It was an incredible fight! All the while, the reasoning behind Gladiators attack is less than clear. He declares that Earth's future is doomed by Thor! His trip through time, ultimately, fails - with Gladiator returning to his future time-line with Zarrko. Gladiator had failed -- and it's shown in a single shot what he was trying to prevent; that of a ruined and mired world, with people suffering - with a magnificent statue of Thor adorning the landscape. The future Zarrko is trying to prevent is still happening.
During a scheme perpetrated by Loki - Thor is severely injured in battle with the Destroyer. Jane Foster is able to heal Jake Olsen, but cannot do the same for Thor. To help expedite the healing process for Thor, Odin separates Jake Olsen from Thor. While Olsen is still deceased - he remains an independent person, similar to Don Blake. (Real, but not real.) Thor and Olsen, though, never get a chance to be merged together again.
Old villains are brought back - even ones you wouldn't initially expect. Remember how Skurge the Executioner died heroically in Hel during Walt Simonson's run? Well - he returns, much to the confusion of the Enchantress.
At the time - Marvel announced that someone very prominent, described as being powerful and rich, would die in an upcoming month. That date came and went - with the revelation of who they meant still not being understood, as the death took place at the end of an issue, with the usual expectation that - next issue - it would be revealed how this person really survived. (It's a cliche in comics, really! Not necessarily a bad one, if done correctly. Here is was simply blundered, as the character's death was unclear to everyone.) Who died? Odin died! Yes, he had somewhat died during Simonson's run - but this time is was for real. Like before, Odin had taken Surtur down with him.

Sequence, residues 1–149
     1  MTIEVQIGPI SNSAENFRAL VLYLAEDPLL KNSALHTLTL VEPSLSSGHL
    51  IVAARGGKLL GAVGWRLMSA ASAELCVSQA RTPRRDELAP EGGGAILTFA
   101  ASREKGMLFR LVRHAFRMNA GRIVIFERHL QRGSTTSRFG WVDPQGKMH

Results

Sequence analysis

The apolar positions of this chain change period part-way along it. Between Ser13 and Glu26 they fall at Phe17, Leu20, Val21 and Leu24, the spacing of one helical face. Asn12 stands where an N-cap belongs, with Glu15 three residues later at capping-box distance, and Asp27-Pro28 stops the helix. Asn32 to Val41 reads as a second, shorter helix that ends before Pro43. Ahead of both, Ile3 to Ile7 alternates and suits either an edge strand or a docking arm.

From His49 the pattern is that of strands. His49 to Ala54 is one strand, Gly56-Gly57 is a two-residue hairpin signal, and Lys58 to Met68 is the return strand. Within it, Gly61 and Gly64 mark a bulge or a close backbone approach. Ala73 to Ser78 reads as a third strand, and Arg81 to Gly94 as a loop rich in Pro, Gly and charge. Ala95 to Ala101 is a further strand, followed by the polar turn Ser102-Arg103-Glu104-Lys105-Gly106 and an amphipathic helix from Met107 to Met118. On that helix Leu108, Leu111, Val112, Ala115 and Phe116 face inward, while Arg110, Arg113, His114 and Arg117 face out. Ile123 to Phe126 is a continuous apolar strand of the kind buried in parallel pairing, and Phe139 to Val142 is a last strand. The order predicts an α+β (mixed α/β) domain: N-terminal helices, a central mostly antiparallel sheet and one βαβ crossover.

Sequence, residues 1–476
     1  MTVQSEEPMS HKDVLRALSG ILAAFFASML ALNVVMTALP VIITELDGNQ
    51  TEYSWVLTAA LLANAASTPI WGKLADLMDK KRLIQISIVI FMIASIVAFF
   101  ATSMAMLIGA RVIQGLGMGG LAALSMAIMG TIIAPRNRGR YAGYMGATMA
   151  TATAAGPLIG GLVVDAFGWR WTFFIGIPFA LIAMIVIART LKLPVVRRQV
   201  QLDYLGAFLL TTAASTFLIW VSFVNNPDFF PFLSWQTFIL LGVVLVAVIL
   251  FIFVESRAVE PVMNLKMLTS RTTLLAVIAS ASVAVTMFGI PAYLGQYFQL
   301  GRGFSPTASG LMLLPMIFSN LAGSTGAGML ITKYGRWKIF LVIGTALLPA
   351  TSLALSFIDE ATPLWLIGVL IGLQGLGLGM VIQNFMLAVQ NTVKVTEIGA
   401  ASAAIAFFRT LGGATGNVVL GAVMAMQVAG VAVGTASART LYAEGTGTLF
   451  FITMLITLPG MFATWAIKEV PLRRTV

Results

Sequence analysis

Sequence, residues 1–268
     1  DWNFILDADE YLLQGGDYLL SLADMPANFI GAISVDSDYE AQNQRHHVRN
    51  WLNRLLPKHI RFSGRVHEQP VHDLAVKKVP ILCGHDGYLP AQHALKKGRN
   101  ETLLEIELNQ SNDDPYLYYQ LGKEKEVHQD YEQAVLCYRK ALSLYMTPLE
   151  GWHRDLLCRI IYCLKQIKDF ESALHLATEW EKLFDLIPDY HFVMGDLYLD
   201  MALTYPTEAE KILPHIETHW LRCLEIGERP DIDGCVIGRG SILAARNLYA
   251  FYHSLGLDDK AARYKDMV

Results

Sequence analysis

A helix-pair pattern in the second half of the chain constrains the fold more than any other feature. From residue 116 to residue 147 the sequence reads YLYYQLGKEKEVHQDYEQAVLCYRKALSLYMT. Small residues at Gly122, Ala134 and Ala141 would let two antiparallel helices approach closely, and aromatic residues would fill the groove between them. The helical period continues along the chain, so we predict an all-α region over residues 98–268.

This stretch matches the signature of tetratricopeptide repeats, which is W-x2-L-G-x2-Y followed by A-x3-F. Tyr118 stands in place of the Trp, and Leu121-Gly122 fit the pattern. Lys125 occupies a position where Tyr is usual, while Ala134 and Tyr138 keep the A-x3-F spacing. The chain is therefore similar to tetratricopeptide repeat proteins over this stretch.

A time of transition begins to take place. Thor Girl, who was injured during the battle with Surtur, had lost her ability to become the Designate. She was now trapped in her naive hero-emulating form as Thor Girl. As Thor, slowly but surely, began to take true command of the throne of Asgard - Thor Girl was able to act as Midgard's protector in his absence. Thor is resistant of his new role -- it's a position he had declined once before when Odin was last time lost. This time - though - the Odin force was beginning to grow in him.
Skurge was one of Thor Girl's first foes as protector of Midgard. Something was amiss, though. Skurge, who had died so heroically before, was now on a wild rampage - demanding to face Thor himself. Thor eventually comes down to Earth and confronts the menace. Thor realizes that this isn't the Executioner; it may be his weapon, his powerful battle ax, that is real - but this person was not actually Skurge. Transporting into Hela's domain - Thor confronts the person behind this outrage. Using his growing power, Thor reveals the deception - a creature of Hela's had been designed to take Skurge's appearance; using the real Skurge's battle ax to bolster the claim. Thor kept the ax, and foiled Hela's plot to try and obtain his soul. Afterwords Hela knows she had made a mistake, and had risked too much, as the Thor ruining her plans was an indication that he would soon command the full Odin force.
I'll end this post here - as the next phase of Dan Jurgens' epic run on Thor deserves it's own examination. After this point, everything about Thor changes - for Thor is now Lord of Asgard!